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Mesothelioma threatens Twin Towers workers 15 years later

| Sep 19, 2016 | Mesothelioma/Asbestos-Related Illness |

Last week, our country stopped to remember and thank those who helped New York recover and rebuild after the September 11 attacks. Along with the lingering emotional effects, some of these brave first responders and volunteers are dealing with physical affects from the prevalence of asbestos, including mesothelioma.

Asbestos in the World Trade Center

During the cleanup, it was discovered that there was over 400 tons of asbestos that came from the Twin Towers, which formed a giant toxic cloud. Although not every person who is exposed to asbestos will be diagnosed with mesothelioma, some who are briefly exposed can contract the very rare disease. Others can exist around asbestos throughout their life and never contract mesothelioma.

Official numbers on asbestos-related cases have not yet been released, but the World Trade Center Health Program has seen over 5,000 people for cancers related to September 11 and the resulting cleanup. That number will likely increase in the future, however; mesothelioma has a long latency period, which can last 20-50 years after a person is exposed.

Affects of exposure

A study released recently found that firefighters who worked at Ground Zero have a 19 percent increased risk of a cancer diagnosis as opposed to other firefighters. Cancer as well as breathing difficulties and disorders of the digestive system are common side effects of those who were first responders, bystanders and workers cleaning up the debris.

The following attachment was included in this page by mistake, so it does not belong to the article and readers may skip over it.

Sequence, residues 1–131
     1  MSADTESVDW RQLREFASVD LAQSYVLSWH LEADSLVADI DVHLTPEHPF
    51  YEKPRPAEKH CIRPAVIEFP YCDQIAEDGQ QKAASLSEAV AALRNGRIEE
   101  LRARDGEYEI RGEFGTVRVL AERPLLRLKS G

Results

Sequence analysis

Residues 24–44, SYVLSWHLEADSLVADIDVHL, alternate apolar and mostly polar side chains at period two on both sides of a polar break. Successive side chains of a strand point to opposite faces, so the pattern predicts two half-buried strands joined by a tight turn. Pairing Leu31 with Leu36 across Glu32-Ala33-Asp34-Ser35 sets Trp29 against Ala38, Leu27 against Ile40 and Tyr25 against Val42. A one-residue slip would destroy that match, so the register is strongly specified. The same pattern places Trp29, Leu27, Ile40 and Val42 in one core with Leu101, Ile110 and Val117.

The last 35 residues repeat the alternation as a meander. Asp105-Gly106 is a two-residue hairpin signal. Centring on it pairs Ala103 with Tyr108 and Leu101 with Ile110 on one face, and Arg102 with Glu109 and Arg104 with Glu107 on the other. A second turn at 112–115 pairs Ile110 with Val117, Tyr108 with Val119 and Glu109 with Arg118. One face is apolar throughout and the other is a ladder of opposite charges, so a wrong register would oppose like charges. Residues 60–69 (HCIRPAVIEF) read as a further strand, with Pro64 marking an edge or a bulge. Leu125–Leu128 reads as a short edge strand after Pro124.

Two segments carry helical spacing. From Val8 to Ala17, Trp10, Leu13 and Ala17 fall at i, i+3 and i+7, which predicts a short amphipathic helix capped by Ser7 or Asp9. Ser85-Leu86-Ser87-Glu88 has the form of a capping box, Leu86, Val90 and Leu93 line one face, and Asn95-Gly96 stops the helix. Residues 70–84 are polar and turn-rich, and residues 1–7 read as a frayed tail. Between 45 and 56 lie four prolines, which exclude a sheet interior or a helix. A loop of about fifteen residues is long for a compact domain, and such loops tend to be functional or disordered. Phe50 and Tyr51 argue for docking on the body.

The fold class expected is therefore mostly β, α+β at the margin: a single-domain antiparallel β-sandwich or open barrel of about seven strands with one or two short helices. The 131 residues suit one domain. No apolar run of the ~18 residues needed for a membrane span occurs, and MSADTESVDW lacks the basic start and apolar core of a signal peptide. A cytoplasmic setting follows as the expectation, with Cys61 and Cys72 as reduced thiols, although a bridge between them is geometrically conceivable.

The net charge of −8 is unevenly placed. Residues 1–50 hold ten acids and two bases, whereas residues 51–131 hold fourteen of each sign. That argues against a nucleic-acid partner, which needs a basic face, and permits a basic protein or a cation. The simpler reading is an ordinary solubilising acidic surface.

Mount Sinai, the New York hospital specializing in cancer, released a study that found a strong correlation between kidney damage and people who had breathed the toxic air on or around 9/11. Two known cases of mesothelioma connected to September 11 have emerged – one case involving worker Deborah Reeve. She started coughing two weeks after 9/11, and eventually passed away in 2004 after being diagnosed with mesothelioma.

What to do if you’ve been exposed

Again, not every person that’s exposed to asbestos will end up with cancers or mesothelioma. But if you know you’ve been exposed, it’s best to get tested as soon as possible. This testing is very comprehensive – it includes CT scans, x-rays and a thoracoscopy. All of these tests are important because mesothelioma is sometimes difficult to properly diagnose.

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